There have been about 35 studies into this. The most recent study was published in April 2015 in the Journal of Angiology by Korkmaz et al. This looked at the incidence of earlobe crease (ELC) and peripheral vascular disease in patients that did not have any overt symptoms of atherosclerotic disease.
By measuring the blood pressure ankle brachial indices the findings confirmed a link between low pressures [PVD] and presence of ELC. This means that these earlobe creases, which are usually ignored, may be a good and easy way we can screen for cardiovascular disease in aesthetic clinics and in primary care.
When injecting dermal filler into the ear lobe there are three preferred entry sites—the anterior approach, the peripheral approach at the side and a posterior approach.
Merz, whose products Belotero and Radiesse are both suitable for the earlobe, advise injecting in a linear threadlike pattern with one insertion point inferior to superior in direction.
I decide which technique to use depending on whether I am trying to correct volume loss or plump up a specific crease.
If it is volume loss I use a posterior ‘hidden’ entry point from behind the tragus. This means the client can leave the clinic with no visible marks of treatment.
The earlobe is about 25% of the whole ear in length and the optimal earlobe is about 1.5-2cm long. It is important to keep these proportions as a guide when injecting so that you do not end up with an over-enhanced and artificial looking result. I find that the earlobe treatment can take as much as 1ml of product per lobe.
The injection technique is simple, straightforward and practice makes perfect. Patients are really happy with the results. It is low risk and can generate revenue for your clinic. It’s also something to add to your repertoire as an area you can offer.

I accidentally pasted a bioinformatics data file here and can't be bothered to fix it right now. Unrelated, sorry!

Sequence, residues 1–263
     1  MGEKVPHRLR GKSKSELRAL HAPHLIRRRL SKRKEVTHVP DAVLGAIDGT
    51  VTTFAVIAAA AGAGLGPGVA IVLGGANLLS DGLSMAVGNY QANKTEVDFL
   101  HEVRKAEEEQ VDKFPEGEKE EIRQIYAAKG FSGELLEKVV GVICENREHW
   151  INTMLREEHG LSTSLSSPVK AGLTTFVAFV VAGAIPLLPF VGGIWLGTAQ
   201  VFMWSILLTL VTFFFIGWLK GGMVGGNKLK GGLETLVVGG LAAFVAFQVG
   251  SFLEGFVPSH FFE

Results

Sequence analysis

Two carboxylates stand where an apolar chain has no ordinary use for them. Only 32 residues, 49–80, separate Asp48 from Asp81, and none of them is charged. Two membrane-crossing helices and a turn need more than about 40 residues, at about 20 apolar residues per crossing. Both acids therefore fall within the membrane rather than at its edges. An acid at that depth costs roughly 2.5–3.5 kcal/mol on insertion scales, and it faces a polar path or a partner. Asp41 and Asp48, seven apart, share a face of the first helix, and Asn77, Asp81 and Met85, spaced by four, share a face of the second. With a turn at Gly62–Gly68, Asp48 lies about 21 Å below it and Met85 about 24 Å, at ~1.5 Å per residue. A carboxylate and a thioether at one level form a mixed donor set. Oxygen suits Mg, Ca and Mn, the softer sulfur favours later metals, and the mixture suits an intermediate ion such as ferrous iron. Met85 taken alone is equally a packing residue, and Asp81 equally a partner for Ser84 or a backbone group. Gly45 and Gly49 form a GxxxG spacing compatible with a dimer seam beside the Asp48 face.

Fillers in the earlobes have the usual side effects including immediate bleeding and redness and swelling. The bleedings stops easily with light sustained digital pressure. Delayed effects include mild soreness locally for a few days and puffiness which usually settles in two days with an HA filler and up to five days with a collagen stimulator filler such as Ellanse or Radiesse.
You can occasionally get a little lumpiness, which lasts for about a week so this is something to brief your patient on. I usually follow up a week later with a phone call or in person to make sure everything has settled as expected. I advise avoiding wearing earrings for a week afterwards.
If you inject the pre auricular area separately to the lobe, then they may need a touch-up two weeks later as this area of skin is thin and swells easily.
We may be injecting a lot more patients with creased and sagging earlobes in the future, due to patient demand. Soon, there may be earlobe-specific dermal fillers that companies market along with skincare ranges for the earlobes. By examining the earlobe in an aesthetic way, we may also be doing our patients a much greater service on the medical front, inadvertently picking up cardiovascular disease and sending them to their GP or specialist to be screened.
It’s a golden opportunity to use those medical skills together with our artistic and creative aesthetic talents.
Dr Kathryn Taylor-Barnes is a GP in Richmond and an aesthetic practitioner with clinics in Surrey.